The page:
Margaret: That makes a lot of sense to me.

Emi:l: Or, or...Yeah, same thing if, hypothetically, this is not just outdoors but like if you're being shot at, if you're in a group of people and you're like taking fire, right, it makes sense to have like one person who kind of, whose job it is to to keep their head on a swivel and kind of figure out what's going on and make some decisions because it needs to happen quickly, right? Since there may be someone stuck in an avalanche. But other than those sorts of extreme situations, right, that consensus works.

Margaret: Yeah. Okay. And I actually really liked that you point this part out too, because I think a lot about like, when you're in a situation where someone's been grievously injured, the medic is in charge. And the medic can tell everyone what to do. And you just fucking do it. You know?

Emil: Exactly.

Margaret: Yeah. And that makes sense. Like, "This person is bleeding out. You go get me towels." don't need towels. Just whatever it is.

Emil: Yeah, you're not going to spend 10 minutes discussing what to do and figuring out a plan together because by that time the person is already dead.

Margaret: Right. And so that that actually does make a lot of sense to me. And then you have like, basically, these roles are filled based on the people who are most capable doing them. Like, the person who's been in a bunch of firefights, like...Yeah, maybe when we're planning the overall strategy we listen to the people who have the most strategic knowledge, but it's still "we figure it out together." But yeah, like no, if someone's shooting at me, and someone's like, "You go there. Shoot back. You do this. You do that." Like, I do like...To me, that's almost like...It's like the exploding brain of anarchism. Like, the bigger and bigger steps of it is being like, "Oh, no, sometimes you let people tell you what to do." Like, sometimes that's part of being a part of a functioning group. And then, okay, the other thing that I like about it, too, is that you're talking about like, okay, you have your conversations you have every evening and it's this balance because you're talking about how everyone kind of takes these roles. They're like, "Oh, what needs doing?" and then does it. But, then part of it is structured and so it's this mix of organic...It's like chaotic and structured all at the same time, you know? I really liked it.

Emil: And it's not just...I mean, you can have I think social structure without hierarchy, right?

Margaret: Yeah.

Emil: So you can...So I mean, for me, hierarchy kind of implies a...kind of implies violence and coercion, right?

Margaret: Yeah.

Emil: But structure, social structure doesn't necessarily imply violence. Social structure can just be sort of something that emerges by itself and which can then be discussed in these evening conversations, for example. So, if a person sort of naturally falls into the role of cook for the group, right, that can be a form of social structure that just kind of emerges. But, if that person isn't happy in that role, it also helps to have these sort of regular scheduled conversations where those sorts of things can be discussed, right? And maybe we want to...maybe they want to do something different the next day, or like, maybe we can like switch tasks.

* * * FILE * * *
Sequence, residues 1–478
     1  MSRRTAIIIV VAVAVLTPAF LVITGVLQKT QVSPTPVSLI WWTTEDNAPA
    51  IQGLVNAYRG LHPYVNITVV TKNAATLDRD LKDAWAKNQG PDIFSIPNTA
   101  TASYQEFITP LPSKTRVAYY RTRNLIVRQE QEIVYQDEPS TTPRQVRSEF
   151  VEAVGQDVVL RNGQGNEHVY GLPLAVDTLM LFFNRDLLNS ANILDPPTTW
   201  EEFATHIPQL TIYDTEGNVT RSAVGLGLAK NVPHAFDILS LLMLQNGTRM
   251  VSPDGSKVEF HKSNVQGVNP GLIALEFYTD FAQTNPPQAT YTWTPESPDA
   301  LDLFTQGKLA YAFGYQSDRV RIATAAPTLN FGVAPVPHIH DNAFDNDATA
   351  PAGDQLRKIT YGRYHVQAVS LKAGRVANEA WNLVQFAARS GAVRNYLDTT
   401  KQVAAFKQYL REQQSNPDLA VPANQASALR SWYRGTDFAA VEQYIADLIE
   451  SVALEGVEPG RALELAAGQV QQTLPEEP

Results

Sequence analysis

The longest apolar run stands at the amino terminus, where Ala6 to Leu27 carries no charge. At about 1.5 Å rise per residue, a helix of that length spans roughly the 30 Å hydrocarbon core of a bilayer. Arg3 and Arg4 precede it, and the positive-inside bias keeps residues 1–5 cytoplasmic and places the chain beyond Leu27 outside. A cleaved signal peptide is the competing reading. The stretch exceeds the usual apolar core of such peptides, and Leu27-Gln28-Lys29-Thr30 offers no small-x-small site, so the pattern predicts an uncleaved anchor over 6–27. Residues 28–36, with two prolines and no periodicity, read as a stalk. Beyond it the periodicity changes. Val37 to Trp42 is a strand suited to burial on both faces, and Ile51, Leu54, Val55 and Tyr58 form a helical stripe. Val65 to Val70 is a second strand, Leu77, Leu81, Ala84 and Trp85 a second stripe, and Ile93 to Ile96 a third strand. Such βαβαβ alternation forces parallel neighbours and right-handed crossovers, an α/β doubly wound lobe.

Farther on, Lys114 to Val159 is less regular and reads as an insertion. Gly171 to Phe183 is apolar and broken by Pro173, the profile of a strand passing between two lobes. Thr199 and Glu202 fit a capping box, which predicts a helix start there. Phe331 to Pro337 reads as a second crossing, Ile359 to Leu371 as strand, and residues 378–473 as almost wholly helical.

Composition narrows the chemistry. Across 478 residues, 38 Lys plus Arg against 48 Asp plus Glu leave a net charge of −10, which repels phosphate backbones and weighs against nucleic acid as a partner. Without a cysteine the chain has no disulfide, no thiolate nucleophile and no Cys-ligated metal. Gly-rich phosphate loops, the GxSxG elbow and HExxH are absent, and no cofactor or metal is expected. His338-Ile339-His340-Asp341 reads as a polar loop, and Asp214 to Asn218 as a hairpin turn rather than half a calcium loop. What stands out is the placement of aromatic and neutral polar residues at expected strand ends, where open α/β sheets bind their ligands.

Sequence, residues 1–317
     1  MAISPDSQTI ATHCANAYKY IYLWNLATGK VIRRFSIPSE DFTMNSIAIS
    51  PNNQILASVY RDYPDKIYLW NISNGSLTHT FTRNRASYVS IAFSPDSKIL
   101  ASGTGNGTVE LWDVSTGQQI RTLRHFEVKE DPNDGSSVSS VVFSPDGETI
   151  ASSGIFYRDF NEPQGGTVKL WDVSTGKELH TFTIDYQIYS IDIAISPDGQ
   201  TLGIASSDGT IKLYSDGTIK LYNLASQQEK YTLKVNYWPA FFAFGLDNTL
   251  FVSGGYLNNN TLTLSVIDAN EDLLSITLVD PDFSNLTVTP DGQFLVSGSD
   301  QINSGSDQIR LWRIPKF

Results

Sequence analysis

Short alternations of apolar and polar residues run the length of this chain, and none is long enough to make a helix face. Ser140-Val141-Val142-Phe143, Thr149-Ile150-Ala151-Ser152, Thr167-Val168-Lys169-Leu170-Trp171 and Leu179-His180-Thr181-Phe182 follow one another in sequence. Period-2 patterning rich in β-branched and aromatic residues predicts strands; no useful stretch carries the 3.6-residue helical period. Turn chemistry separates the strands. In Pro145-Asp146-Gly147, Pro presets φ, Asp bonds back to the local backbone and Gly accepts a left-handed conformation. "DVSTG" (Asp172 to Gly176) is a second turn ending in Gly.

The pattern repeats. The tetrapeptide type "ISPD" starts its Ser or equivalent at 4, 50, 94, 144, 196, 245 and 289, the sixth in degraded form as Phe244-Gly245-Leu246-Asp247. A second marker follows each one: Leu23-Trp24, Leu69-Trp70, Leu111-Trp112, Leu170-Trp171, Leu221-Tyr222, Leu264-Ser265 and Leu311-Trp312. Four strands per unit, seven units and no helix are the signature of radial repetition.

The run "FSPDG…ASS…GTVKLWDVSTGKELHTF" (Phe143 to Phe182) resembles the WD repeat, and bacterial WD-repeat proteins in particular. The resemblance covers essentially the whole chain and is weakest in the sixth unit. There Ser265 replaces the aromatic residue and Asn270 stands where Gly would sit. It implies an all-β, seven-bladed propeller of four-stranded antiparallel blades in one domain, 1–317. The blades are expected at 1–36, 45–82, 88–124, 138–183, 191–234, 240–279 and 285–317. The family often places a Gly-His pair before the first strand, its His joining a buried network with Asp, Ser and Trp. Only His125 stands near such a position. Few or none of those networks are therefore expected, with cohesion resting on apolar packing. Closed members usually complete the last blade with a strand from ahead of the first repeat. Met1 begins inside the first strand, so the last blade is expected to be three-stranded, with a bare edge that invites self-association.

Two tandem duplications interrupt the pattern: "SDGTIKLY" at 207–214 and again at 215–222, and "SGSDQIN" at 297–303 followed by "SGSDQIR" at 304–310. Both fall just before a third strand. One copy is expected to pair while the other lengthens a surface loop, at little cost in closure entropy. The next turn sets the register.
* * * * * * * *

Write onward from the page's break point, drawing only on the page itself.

Margaret: Yeah.

Emil: Right? And so, but this actually comes to something that I think is sort of important here and that's that the outdoors is actually a fantastic arena for forming social connections and group, sort of, bonds, and also political...and also, like, within political groups. Like there's a reason why in the 20th century outdoor activities, outdoor recreations, like the Scouts and those types of stuff, but that type of stuff was actually taken up by all the mass political movements, socialists, and communists, and anarchists, and fascists. All to use the outdoors as like an arena, right? But, I think as, as the--because it works really well--but as our societies have sort of Neo-liberalized and individualized and kind of also de-politicized in a way, I think that sort of, the outdoors as a political arena, that idea, has sort of faded away. And I think actually, for us as anarchists, that's something that we can kind of take back. We can use the outdoors as a fantastic place to get to know each other and to practice anarchism, to form group bonds, and to just train. And it's also just like fun. It's a nice thing to do.

Margaret: I'm really excited by this idea. That makes so much sense to me. I think about like...I mean, one, literally being in Boy Scouts is a very formative experience for my life, right? And I like go back to the stuff I learned there constantly. And I was only in there for a couple years, because then I got like to cool. And like, you know, quit or whatever. And and then yeah, like, as I read about social movements in 20th century, I read about, you know, the hiking clubs in Weimar era Germany that the communist, the fascist, and the anarchists all did things with. And the like, wild, queer kids who didn't really have a political label would also go do. And yeah, and then the Spanish anarchists had sports clubs as a huge part of what they were doing. No, this is really interesting to me. And then because even like when you're describing all this stuff--because I've been getting more and more into hiking--and one of the things that when you're talking, like one of the reasons I want to ask about all the Arctic stuff is like not because I really think that there's a really good chance that I'm going to have to move over mountains personally, right? But knowing how feels like really useful to me and interesting to me. And then also like, going out and practicing and learning seems like fun, you know, and a good way to...And even...Okay, when I was talking about, when I was asking you how to cope with climate change, one of the things that I've been doing--and I don't know whether it's like good or not, but it's been working a little bit for me--is to kind of embrace seeing more and like experiencing more--and not necessarily just like tourist and traveling--but like literally just hiking around where I live and just like feeling the Spring, you know, like getting out and being like, "Spring is here." This winter was weird. We had a really dry, warm winter here. The west coast the US had the exact opposite. You know, but like, being like okay, how is this Spring different than last Spring? I want to be able to start really building that and being like, well if this is the last bits of the Earth being like this, let's fucking enjoy it. Let's do this shit.